The180

Electoral reform must include racialized communities

Discussion of electoral reform in this country has most often focused on HOW people can engage in the democratic process, but lawyer Avvy Go argues it's time for the government to look at WHO is engaging with the democratic process.
Early immigrants faced not only the hardship of settling into a new home but also racist policies — Chinese and Indo-Canadians did not have the right to own property and only got the right to vote in 1947. (CBC)
Listen3:18

Since the day Justin Trudeau promised to replace the first-past-the-post voting system, there has been a lot of talk about electoral reform in this country. 

Most of that discussion has been about how people participate in the democratic process. 

But for Avvy Go, if the government truly wants to reform elections, it must examine who gets to participate in Canada's democracy. 

Today, tens of thousands permanent residents are denied the right to vote because of our strict naturalization law.. That's not to mention the 200,000 or so immigrants with precarious status who have lived and worked in Canada without ever being given a chance to regularize their status.- Avvy Go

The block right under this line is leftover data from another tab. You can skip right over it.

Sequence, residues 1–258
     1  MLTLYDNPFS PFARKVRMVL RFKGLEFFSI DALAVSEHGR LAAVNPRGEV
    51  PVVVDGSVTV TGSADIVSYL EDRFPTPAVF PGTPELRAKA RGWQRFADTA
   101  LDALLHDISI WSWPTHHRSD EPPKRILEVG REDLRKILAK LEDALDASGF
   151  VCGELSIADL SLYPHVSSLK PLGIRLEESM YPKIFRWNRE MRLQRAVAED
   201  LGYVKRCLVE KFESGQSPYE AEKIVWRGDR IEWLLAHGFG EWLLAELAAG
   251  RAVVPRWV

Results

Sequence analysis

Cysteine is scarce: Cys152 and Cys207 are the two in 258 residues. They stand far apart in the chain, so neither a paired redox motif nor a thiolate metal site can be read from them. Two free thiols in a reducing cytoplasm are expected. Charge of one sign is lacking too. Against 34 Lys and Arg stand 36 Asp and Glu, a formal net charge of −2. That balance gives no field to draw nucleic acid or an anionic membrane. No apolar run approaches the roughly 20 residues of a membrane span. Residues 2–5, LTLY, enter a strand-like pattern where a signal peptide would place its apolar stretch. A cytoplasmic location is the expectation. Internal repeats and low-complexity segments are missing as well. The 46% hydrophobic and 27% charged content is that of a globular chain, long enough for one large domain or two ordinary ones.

She notes that historically, Canada has made voting impossible for racialized communities. 

Avvy Go, lawyer and director of the Metro Toronto Chinese & Southeast Asian Legal Clinic. (Submitted by Avvy Go)

In 1885, for example, Go says the government stripped Chinese Canadians of the right to vote because according to John A. Macdonald, they had "no British instincts or British feelings or aspirations."

And while the legal barriers aren't as obvious now, Go argues they are still significant and troublesome. 

She argues electoral reform is an opportunity to engage Canadians in a discussion of democracy.

We can begin by having a dialogue with each other on not only the technical aspect of voting, but the kind of society we want to live in. - Avvy Go

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